• jdmeddock
                  If you have to add something complex to raise the lid, maybe something driven by the trailer winch would be a good starting point. (assuming you will trailer
                  Message 8 of 15 , Jan 26, 2014
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                    If you have to add something complex to raise the lid, maybe something driven by the trailer winch would be a good starting point.

                    (assuming you will trailer it and that dropping the top on the water for mooring or bridges is not important to you)



                    justin

                  • phil.bolger
                    The weights involved are not overwhelming and should be manageable with a modest ‘gear-reduction’ per two blocks to allow manual lifting of all four
                    Message 9 of 15 , Jan 26, 2014
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                      The weights involved are not overwhelming and should be manageable with a modest ‘gear-reduction’ per two blocks to allow manual lifting of all four corners simultaneously. 
                      Or a FULTON $80.- worm-gear winch will allow lifting all slowly but steadily, assuming you’ll run all leads to than one location.
                      I’d go low-tech first...
                       
                      Susanne Altenburger, PB&F
                       
                       
                      Sent: Sunday, January 26, 2014 10:59 AM
                      Subject: [bolger] RE: Bantam 16/20
                       
                       

                      If you have to add something complex to raise the lid, maybe something driven by the trailer winch would be a good starting point.

                      (assuming you will trailer it and that dropping the top on the water for mooring or bridges is not important to you)

                       

                       

                      justin

                    • Brent
                      Thank you Susanne for the suggestion of a worm-gear winch. I haven t looked at them before and they look ideal and very safe. I have plans for your lily
                      Message 10 of 15 , Jan 26, 2014
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                        Thank you Susanne for the suggestion of a worm-gear winch. I haven't looked at them before and they look ideal and very safe. I have plans for your "lily" and was looking at the battery pack adjustment mechanism you designed thinking something like that would also work. B

                        --- In bolger@yahoogroups.com, <philbolger@...> wrote:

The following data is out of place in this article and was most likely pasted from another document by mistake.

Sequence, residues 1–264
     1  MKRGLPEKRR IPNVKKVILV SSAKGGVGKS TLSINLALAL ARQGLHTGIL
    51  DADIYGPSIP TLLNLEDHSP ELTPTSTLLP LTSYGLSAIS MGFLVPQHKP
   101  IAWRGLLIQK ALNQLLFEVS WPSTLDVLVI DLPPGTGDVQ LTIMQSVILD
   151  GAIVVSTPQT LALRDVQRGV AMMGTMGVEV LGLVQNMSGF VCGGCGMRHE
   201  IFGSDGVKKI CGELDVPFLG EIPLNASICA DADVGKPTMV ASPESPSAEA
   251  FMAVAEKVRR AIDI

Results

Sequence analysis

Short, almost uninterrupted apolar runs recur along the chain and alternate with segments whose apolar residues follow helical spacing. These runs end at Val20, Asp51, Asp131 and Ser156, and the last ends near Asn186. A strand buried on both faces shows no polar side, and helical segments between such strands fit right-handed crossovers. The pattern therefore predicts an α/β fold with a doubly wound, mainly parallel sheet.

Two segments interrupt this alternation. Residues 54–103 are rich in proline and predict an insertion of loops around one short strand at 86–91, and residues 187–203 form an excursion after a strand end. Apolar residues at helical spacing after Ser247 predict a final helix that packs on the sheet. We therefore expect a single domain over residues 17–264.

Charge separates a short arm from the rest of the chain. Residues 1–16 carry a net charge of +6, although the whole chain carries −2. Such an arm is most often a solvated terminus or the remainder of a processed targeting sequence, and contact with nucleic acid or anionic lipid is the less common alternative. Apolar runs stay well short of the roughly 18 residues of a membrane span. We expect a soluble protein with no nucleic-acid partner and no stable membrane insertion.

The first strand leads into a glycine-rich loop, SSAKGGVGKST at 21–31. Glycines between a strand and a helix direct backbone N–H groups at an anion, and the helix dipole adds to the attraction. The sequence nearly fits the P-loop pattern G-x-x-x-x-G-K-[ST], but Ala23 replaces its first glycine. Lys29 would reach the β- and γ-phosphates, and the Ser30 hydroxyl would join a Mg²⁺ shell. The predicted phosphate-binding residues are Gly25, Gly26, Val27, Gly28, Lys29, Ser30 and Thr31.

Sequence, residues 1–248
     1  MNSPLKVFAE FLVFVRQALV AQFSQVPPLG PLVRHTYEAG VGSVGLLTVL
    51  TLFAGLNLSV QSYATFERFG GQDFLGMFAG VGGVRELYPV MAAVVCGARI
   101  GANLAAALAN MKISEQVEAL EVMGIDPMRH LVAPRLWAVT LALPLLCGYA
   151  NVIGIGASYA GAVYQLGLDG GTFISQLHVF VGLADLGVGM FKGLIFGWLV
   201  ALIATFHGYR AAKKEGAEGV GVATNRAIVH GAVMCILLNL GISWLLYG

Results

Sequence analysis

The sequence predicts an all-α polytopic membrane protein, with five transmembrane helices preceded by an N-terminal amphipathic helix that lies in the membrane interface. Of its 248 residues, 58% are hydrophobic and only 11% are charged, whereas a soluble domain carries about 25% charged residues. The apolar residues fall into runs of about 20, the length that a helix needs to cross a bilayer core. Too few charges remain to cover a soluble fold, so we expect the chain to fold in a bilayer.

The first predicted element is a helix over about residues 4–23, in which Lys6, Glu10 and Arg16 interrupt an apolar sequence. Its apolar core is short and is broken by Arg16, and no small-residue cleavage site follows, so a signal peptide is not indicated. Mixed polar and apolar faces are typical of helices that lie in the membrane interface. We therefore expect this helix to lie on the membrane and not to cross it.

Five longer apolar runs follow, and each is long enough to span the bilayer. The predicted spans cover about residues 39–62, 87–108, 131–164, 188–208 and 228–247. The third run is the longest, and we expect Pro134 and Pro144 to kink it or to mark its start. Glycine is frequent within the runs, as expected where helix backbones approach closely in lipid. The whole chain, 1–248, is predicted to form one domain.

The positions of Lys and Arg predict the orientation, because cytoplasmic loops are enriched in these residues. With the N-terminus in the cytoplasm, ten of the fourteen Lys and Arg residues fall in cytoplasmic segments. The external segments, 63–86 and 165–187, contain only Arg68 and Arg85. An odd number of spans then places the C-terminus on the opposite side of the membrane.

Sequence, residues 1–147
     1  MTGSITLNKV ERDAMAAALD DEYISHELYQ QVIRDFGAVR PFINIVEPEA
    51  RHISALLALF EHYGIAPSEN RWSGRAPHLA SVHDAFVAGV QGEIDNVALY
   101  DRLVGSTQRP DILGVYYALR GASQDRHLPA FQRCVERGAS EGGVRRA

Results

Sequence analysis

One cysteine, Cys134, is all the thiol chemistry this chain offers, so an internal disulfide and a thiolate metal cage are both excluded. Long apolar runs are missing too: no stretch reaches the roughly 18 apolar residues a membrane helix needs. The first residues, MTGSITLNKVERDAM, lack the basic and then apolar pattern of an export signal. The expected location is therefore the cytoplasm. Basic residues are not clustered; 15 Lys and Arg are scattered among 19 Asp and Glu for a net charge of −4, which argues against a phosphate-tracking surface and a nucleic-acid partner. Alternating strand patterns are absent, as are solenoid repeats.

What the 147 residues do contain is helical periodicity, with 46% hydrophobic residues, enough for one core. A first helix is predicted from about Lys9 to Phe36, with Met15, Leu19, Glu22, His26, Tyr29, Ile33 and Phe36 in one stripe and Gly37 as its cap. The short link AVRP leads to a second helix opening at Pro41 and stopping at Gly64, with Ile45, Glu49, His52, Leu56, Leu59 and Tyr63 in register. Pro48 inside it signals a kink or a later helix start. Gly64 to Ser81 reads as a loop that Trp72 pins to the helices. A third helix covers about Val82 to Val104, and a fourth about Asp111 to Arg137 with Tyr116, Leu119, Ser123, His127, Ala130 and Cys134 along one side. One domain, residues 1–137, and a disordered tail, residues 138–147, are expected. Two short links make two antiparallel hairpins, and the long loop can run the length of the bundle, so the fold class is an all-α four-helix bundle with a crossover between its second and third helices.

>
                        >
                        > The weights involved are not overwhelming and should be manageable with a modest ‘gear-reduction’ per two blocks to allow manual lifting of all four corners simultaneously.
                        > Or a FULTON $80.- worm-gear winch will allow lifting all slowly but steadily, assuming you’ll run all leads to than one location.
                        > I’d go low-tech first...
                        >
                        > Susanne Altenburger, PB&F
                        >
                        >
                      • otter55806
                        Raising the cabin has never been a problem with the worm gear winch. It takes maybe two minutes to raise the roof with the two side panels attached. What takes
                        Message 11 of 15 , Jan 27, 2014
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                          Raising the cabin has never been a problem with the worm gear winch. It takes maybe two minutes to raise the roof with the two side panels attached. What takes longer is getting the side panels positioned while you then lower the roof to lock them in place. Unless the boat is level gravity keeps swinging them out of place, and even on the trailer a boat is never level :) With two people this is not a problem. One inside to push them into place while the other outside is operating the winch. Being solo most of the time I have to use a long pole to push them into place with one hand while operating the winch with the other.
                          I have thought once in a while that I could replace the manual worm gear winch with a 12V electric one, but it really is not hard to raise.
                          All that being said, what you should ask yourself is if you have a need to the folding cabin. Phil designed this for someone who needed to get the boat into a small garage.  The guy in Florida never planning on towing except down to the ramp so built a standard cabin. I built the folding cabin because I tow long distance, sometimes over two thousand miles, so wanted the lower wind resistance. If you never plan to tow long distance or need to get into a garage you can save yourself a lot of work by just building a regular cabin. Also, if in a driving rain or when getting slammed by waves in bad weather I have not been able to keep out all the water. Never had this problem with the non folding cabins, like on my Micro Trawler. While boaters may be used to some water getting in, here it is right above the setees so that my bed for the night is now wet. This however is not part of the Bolger plans so no fault there. As planned the panels have non opening plastic in them and if you want ventilation you have to fold the entire panel up. I instead put sliding windows in the panels and it is the windows that seem to leak. The front cabin door as designed does allow some water through when hit by waves, but being in such weather in this boat doesn't happen very often. I think the reason for these leaks is the door has to open inwards for the cabin to be folded, and must be made thin and light, so flexes. A non folding cabin could have the door open outwards so being hit by a wave would push it into the gasket instead of away from it.